I apologize for the Dante Gabriel Rossetti tossup; I was responsible for partially rewriting it but I apparently managed to miss the fact it was a translation of a fairly famous Villon poem. I hope issues like this were not apparent in the rest of the tossup.

Another error that I thought I had fixed but made it into the final version of the packets is that the man who commissioned Ghirlandaio was Giovanni Tornabuoni, not Giovanni Fornabuoni.
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Re: Missouri Open discussion

Post by Jesus vs. Dragons » Mon Jun 08, 2009 2:23 am

I had a good time this weekend, these questions were definitely above my skill level, but the tournament itself was ran well by Borglum and Boris (Missouri Open Mirror @Valenica btw.) There was one nearly identical repeat on acids and bases, but that was just one thing, idk if anyone else noticed it.
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Re: Missouri Open discussion

Post by setht » Tue Jun 09, 2009 10:25 am

I wrote the following questions: open clusters, pulsars, CMB/recombination/Silk damping; p waves, cloud seeding, Archaean/olivine/komatiitic; diffraction, dynamos, Stark effect, vorticity, moment of inertia, Mossbauer effect, chemical potential/grand canonical ensemble/PV, Born approximation/Fourier transform/partial waves, ferromagnetism/Weiss/hysteresis, phase transition/Landau/universality. If anyone has complaints or comments about any of those, please post here or email me.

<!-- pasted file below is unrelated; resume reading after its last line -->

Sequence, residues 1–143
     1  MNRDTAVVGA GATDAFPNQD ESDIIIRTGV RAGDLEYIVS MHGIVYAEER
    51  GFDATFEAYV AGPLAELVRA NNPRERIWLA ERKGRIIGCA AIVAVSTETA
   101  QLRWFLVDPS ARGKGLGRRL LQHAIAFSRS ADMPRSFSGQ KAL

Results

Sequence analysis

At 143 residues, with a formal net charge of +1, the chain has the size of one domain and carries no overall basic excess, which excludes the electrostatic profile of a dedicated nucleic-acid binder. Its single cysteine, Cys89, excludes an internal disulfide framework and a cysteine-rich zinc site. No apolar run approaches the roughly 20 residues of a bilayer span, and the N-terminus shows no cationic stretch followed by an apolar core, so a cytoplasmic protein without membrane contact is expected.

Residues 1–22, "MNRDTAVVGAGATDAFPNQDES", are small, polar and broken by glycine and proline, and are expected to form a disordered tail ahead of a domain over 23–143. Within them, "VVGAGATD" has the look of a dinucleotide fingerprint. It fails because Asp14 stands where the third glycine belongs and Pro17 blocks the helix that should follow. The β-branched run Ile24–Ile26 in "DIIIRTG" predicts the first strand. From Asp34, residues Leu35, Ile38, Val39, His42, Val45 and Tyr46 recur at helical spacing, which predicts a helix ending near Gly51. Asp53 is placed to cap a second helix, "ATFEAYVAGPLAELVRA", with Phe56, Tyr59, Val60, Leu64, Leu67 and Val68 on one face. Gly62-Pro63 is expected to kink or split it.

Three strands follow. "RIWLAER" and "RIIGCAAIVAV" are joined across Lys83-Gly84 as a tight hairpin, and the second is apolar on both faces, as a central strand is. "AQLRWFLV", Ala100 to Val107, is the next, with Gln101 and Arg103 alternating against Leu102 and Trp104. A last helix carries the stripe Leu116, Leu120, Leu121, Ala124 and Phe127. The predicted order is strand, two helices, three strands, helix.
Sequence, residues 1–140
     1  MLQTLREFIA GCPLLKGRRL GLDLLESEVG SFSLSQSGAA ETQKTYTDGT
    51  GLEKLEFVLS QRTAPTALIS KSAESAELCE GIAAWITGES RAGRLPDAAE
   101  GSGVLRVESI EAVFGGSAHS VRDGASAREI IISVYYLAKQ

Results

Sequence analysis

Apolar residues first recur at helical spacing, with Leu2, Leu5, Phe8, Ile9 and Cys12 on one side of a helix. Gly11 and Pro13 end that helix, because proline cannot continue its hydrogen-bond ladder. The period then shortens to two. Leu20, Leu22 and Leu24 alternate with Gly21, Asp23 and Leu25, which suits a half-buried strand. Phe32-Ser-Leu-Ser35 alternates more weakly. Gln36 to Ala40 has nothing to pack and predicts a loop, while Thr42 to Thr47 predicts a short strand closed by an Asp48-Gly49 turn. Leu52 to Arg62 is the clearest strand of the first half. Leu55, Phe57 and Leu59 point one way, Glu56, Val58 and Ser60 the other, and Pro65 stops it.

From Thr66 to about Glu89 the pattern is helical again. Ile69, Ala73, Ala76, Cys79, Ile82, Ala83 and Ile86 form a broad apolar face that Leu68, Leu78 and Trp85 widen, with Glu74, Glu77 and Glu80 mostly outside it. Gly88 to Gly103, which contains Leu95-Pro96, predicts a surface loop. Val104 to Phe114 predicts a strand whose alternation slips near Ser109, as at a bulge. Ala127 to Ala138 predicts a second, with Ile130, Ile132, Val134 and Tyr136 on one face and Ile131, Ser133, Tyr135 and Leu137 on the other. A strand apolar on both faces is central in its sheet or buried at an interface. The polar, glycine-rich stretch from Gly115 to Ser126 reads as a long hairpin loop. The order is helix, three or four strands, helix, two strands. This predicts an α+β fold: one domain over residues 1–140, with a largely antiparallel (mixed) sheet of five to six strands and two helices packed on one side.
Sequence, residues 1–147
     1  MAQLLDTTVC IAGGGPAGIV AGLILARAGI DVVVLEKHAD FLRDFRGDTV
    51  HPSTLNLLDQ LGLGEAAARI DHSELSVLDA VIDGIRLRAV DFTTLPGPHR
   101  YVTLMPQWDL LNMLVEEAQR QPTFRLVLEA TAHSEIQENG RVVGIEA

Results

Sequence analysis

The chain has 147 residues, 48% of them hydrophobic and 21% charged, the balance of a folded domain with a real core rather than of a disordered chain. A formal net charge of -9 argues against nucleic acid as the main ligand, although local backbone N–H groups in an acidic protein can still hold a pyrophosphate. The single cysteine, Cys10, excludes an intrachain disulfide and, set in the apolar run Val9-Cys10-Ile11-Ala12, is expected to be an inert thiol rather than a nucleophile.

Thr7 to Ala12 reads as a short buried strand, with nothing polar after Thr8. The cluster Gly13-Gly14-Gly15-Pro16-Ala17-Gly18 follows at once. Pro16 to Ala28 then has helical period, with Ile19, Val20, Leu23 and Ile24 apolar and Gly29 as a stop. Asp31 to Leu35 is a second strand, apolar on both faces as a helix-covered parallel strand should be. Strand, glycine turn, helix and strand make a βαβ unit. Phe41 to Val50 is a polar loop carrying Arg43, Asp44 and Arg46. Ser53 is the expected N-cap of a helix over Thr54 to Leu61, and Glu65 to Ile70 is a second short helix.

Thanks,
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Re: Missouri Open discussion

Post by Sima Guang Hater » Tue Jun 09, 2009 12:08 pm

setht wrote:I wrote the following questions: open clusters, pulsars, CMB/recombination/Silk damping; p waves, cloud seeding, Archaean/olivine/komatiitic; diffraction, dynamos, Stark effect, vorticity, moment of inertia, Mossbauer effect, chemical potential/grand canonical ensemble/PV, Born approximation/Fourier transform/partial waves, ferromagnetism/Weiss/hysteresis, phase transition/Landau/universality. If anyone has complaints or comments about any of those, please post here or email me.